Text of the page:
Appeals court halts logging in Rat Creek Salvage project


A federal appeals court has blocked the U.S. Forest Service from logging trees on more than 1,600 acres of burned forest in southwestern Montana, but the agency says most of the timber already has been harvested.

Judge Halts Proposed Biathlon Course Near Helena



HELENA – A federal judge has put a halt to the Montana Army National Guard's proposed biathlon course near MacDonald Pass west of Helena, saying a look into the environmental effects of the project was inadequate.

Victory on Colt Summit Timber Sale (press release 6.21.12)


 JUNE 21, 2012

(Montana) - Calling it “a great win for the lynx,” Mike Garrity, Executive Director of the Alliance for the Wild Rockies, announced that Federal District Judge Donald W. Molloy halted the Colt Summit Timber Sale on the Seeley Lake Ranger District on June 20th.

Swan Valley: Molloy ruling halts collaborative timber sale



Tourists on Highway 83 get one of their best views of the Mission Mountains and Swan Range at the Summit Lake viewpoint. It’s also one of the few places where a cellphone can get a signal in the isolated Seeley-Swan Valley.

But shared visions and communications stumbled last week on the Colt-Summit timber sale.

The project was heralded earlier this year as the model for a new kind of collaborative forest management, where lumber mills and conservation groups work with the U.S. Forest Service on tasks everyone agrees are needed.

Colt Summit Update: FS Confirms Restoration Work Under Contract



(Montana) - Much ado is being made about the Colt Summit logging and restoration project on the Lolo National Forest.  In fact, last week The Wilderness Society, Montana Wilderness Association, National Wildlife Federation and Yaak Valley Forest Council joined with the Montana Logging Association, Montana Wood Products Association and others to actually file a “friend of the court” brief in support of this logging project.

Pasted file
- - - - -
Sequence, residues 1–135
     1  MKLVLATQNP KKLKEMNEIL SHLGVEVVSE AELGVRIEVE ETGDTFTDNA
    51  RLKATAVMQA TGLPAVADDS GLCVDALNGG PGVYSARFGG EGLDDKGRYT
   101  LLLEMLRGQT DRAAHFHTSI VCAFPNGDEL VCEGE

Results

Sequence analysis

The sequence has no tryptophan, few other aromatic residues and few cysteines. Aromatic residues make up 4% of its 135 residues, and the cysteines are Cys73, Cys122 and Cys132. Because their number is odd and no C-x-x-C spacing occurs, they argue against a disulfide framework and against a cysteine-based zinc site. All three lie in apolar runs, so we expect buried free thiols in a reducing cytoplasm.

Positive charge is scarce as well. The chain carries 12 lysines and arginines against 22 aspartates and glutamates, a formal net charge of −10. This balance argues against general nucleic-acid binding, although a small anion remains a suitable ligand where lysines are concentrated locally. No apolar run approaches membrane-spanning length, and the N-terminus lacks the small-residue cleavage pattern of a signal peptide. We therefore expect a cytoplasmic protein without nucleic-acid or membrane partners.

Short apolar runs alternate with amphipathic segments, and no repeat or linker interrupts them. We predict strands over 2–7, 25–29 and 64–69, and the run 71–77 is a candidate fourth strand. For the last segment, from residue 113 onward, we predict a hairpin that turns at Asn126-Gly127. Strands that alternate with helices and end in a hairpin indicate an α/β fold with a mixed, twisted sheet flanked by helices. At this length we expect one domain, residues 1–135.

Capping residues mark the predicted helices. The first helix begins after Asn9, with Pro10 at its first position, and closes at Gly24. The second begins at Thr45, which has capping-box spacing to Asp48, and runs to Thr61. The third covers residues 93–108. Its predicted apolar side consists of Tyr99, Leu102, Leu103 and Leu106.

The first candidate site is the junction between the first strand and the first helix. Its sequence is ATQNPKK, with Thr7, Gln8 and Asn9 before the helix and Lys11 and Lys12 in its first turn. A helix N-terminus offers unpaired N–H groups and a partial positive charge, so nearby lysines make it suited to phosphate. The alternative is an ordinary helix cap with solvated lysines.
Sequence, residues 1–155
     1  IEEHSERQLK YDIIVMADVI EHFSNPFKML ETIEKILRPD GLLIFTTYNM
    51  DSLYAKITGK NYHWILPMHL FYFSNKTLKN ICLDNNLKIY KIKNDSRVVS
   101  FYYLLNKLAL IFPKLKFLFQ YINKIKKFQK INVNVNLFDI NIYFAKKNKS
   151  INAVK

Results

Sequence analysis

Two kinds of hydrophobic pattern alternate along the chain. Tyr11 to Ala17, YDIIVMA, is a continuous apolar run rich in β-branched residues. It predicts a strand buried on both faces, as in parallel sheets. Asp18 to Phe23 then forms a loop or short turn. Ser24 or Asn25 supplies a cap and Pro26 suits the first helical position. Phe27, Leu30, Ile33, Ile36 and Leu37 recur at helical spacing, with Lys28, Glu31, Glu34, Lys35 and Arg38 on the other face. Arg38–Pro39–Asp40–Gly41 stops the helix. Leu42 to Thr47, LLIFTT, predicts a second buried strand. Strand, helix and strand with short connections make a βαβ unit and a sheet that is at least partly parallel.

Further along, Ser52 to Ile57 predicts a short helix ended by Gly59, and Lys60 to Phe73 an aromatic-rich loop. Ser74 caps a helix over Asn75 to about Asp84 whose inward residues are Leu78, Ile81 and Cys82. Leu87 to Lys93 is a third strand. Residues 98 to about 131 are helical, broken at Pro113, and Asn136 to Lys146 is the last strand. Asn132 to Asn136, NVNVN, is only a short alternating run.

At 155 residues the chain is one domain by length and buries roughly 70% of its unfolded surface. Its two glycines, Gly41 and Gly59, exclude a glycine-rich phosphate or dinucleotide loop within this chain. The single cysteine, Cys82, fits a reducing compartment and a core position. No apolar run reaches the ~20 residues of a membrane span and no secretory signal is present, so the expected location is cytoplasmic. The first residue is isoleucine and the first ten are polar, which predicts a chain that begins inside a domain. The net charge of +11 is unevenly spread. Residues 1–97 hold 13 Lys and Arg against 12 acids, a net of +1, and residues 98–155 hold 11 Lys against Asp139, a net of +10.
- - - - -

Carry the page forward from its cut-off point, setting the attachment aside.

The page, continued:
GEORGE OCHENSKI: Let the state hear you want wolverine trapping to end


Last week’s column focused on a petition filed with the state Fish, Wildlife and Parks Commission seeking to end the trapping of wolverines. Montana is home to most of what’s left of these incredible and once widespread animals and the only state in the Lower 48 to allow wolverine trapping.

GEORGE OCHENSKI: A call to end wolverine trapping


“If wolverines have a strategy, it’s this: Go hard, and high, and steep, and never back down, not even for the biggest grizzly, and least of all from a mountain. Climb everything: trees, cliffs, avalanche chutes, summits. Eat everybody: alive, dead, long-dead, moose, mouse, fox, frog, its still warm heart or frozen bones.”

Groups call for halt to wolverine trapping



HELENA — In 2007, a wolverine fitted with a GPS tracking device summited Glacier National Park’s highest peak, Mount Cleveland, in the middle of winter. Known as “M3” to researchers, the wolverine climbed the last 4,900 feet to Mount Cleveland’s 10,466-foot summit in 90 minutes, according to wolverine researcher Douglas Chadwick’s 2010 book “The Wolverine Way.”

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